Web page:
More people than ever doubt life will return to normal due to Covid-19 – survey
By Ian Jones and Catherine Wylie, PA
Around one in six adults in Britain think life will never return to normal thanks to Covid-19, the highest proportion since the pandemic began, a new survey suggests.
The number is up from one in nine a month ago and one in 10 during the summer.
The figures have been compiled by the Office for National Statistics (ONS) and suggest attitudes to the pandemic have become steadily gloomier in recent weeks.
Some 16% of adults surveyed from November 18 to 28 said life will never return to normal, compared with 11% between October 20 and 31.
The proportion saying life will take more than a year to get back to normal has dropped from 36% to 33%, while those saying it will take four to six months is down from 6% to 4%.
At the start of this year, despite the second wave of the virus being at its peak, attitudes towards the future were more optimistic.
Only 3% of adults surveyed from December 22 2020 to January 3 2021 said life would never be back to normal, while 21% said four to six months.
The survey, which involved 3,036 adults and took place before new measures against the Omicron variant came into effect this week, also found around 20% of people had never taken a lateral flow test.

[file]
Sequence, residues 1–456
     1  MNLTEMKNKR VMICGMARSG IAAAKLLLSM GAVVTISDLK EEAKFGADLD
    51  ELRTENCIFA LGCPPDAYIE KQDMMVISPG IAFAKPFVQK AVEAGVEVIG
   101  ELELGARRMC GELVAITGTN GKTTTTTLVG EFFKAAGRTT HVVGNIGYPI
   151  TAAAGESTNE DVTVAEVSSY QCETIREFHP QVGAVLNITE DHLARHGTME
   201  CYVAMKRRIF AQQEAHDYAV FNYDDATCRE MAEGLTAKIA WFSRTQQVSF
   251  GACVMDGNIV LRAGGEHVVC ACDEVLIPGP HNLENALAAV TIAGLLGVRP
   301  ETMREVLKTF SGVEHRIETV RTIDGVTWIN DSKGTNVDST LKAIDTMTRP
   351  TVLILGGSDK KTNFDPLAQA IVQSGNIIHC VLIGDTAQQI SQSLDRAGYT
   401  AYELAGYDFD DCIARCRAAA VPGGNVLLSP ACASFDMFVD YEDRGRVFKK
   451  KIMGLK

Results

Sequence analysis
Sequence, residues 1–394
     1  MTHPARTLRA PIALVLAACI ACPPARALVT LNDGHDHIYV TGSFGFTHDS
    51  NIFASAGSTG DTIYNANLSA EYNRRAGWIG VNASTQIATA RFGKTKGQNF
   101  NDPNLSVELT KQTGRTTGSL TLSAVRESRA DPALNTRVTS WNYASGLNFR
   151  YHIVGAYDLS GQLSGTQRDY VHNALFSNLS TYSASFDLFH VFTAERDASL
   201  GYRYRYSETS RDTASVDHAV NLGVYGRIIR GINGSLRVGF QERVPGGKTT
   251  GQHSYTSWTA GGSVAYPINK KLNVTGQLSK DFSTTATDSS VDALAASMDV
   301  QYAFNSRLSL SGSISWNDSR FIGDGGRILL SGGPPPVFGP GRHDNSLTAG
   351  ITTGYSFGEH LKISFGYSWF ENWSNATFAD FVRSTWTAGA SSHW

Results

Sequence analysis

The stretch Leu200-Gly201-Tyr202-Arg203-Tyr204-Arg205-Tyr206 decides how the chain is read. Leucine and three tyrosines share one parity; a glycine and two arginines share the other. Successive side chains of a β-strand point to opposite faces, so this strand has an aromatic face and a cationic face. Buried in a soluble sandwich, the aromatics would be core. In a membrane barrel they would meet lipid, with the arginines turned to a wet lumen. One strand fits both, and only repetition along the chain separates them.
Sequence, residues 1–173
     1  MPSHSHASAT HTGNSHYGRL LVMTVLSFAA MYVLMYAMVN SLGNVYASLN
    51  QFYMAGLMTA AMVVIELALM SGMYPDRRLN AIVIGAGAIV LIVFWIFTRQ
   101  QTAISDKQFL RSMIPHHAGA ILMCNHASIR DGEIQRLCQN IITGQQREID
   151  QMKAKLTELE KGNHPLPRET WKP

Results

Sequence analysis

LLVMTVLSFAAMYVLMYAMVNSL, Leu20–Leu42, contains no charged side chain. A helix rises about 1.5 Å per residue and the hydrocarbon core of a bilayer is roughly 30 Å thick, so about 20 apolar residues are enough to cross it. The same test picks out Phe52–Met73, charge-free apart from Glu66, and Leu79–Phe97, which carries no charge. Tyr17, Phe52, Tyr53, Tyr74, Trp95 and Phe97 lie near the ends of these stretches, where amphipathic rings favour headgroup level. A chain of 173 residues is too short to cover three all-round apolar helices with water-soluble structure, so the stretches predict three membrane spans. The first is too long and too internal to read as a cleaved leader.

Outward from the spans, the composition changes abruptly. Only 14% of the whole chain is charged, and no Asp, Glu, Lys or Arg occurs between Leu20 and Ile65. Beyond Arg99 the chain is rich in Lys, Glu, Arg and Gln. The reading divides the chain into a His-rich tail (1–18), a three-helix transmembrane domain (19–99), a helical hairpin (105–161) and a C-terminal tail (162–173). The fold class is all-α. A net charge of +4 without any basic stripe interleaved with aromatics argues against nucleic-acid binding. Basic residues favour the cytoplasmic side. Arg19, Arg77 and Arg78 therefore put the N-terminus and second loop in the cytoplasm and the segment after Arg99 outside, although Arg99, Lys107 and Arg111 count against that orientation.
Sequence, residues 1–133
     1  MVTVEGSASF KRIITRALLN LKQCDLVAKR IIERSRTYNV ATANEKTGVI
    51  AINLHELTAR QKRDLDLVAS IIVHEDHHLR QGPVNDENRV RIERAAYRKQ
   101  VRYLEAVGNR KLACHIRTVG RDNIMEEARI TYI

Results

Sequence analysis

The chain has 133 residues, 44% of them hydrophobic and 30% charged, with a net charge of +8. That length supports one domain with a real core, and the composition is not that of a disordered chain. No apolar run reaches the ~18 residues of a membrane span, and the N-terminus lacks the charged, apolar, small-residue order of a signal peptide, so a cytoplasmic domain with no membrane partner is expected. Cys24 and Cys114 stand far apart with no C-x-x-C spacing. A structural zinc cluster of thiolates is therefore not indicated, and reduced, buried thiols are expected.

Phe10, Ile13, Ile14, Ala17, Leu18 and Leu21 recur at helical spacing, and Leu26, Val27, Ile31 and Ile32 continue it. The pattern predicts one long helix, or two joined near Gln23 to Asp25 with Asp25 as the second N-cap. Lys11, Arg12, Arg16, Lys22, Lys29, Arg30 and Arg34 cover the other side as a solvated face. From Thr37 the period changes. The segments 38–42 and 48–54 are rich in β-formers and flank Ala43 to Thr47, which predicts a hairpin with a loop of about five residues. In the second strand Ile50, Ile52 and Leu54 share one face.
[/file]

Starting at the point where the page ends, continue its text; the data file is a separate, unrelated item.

Less than four in 10 (37%) adults had taken a lateral flow test in the last seven days, the survey found.
People were asked the question about lateral flow tests before Health Secretary Sajid Javid urged partygoers to take a rapid test ahead of attending festive events.
Speaking on BBC Radio 4’s Today programme this week, Mr Javid said: “If you are invited to a Christmas party, there’s quite a few people there, maybe you want to take an LFT (lateral flow test) before you go.
“Go to the party, but just be cautious.”
The survey found 76% of all adults were very or fairly confident in how to report the result of a lateral flow test, while 8% reported they were very or fairly unconfident in how to report the result.
The ONS continued to ask people whether they had experienced shortages of any goods at any time in the past two weeks.
Fewer than four in 10 (36%) adults reported experiencing shortages – down from 41% in the previous period.
A total of 17% reported they had not been able to buy essential food because it was not available.
When food shopping, 64% reported experiencing some differences compared with the usual.
The ONS also questioned adults about their household finances and cost of living, and when asked how the Covid-19 outbreak was affecting their life in the past seven days, 11% said their household finances were being affected.
The ONS Opinions and Lifestyle Survey sets out to understand the impact of the pandemic on people, households and communities in Britain.